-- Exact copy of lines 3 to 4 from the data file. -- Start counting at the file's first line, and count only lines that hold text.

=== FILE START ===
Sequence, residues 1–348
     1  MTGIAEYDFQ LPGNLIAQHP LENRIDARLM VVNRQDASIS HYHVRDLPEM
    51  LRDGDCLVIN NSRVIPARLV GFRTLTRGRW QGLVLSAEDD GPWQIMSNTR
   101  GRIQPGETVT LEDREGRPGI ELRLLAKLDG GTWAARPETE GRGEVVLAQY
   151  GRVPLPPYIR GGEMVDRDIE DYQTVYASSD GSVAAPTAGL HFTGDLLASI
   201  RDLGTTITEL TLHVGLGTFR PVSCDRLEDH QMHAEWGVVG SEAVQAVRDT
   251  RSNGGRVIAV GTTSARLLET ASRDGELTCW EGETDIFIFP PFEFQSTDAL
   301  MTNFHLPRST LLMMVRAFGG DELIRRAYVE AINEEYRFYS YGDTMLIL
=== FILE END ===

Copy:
    51  LRDGDCLVIN NSRVIPARLV GFRTLTRGRW QGLVLSAEDD GPWQIMSNTR
   101  GRIQPGETVT LEDREGRPGI ELRLLAKLDG GTWAARPETE GRGEVVLAQY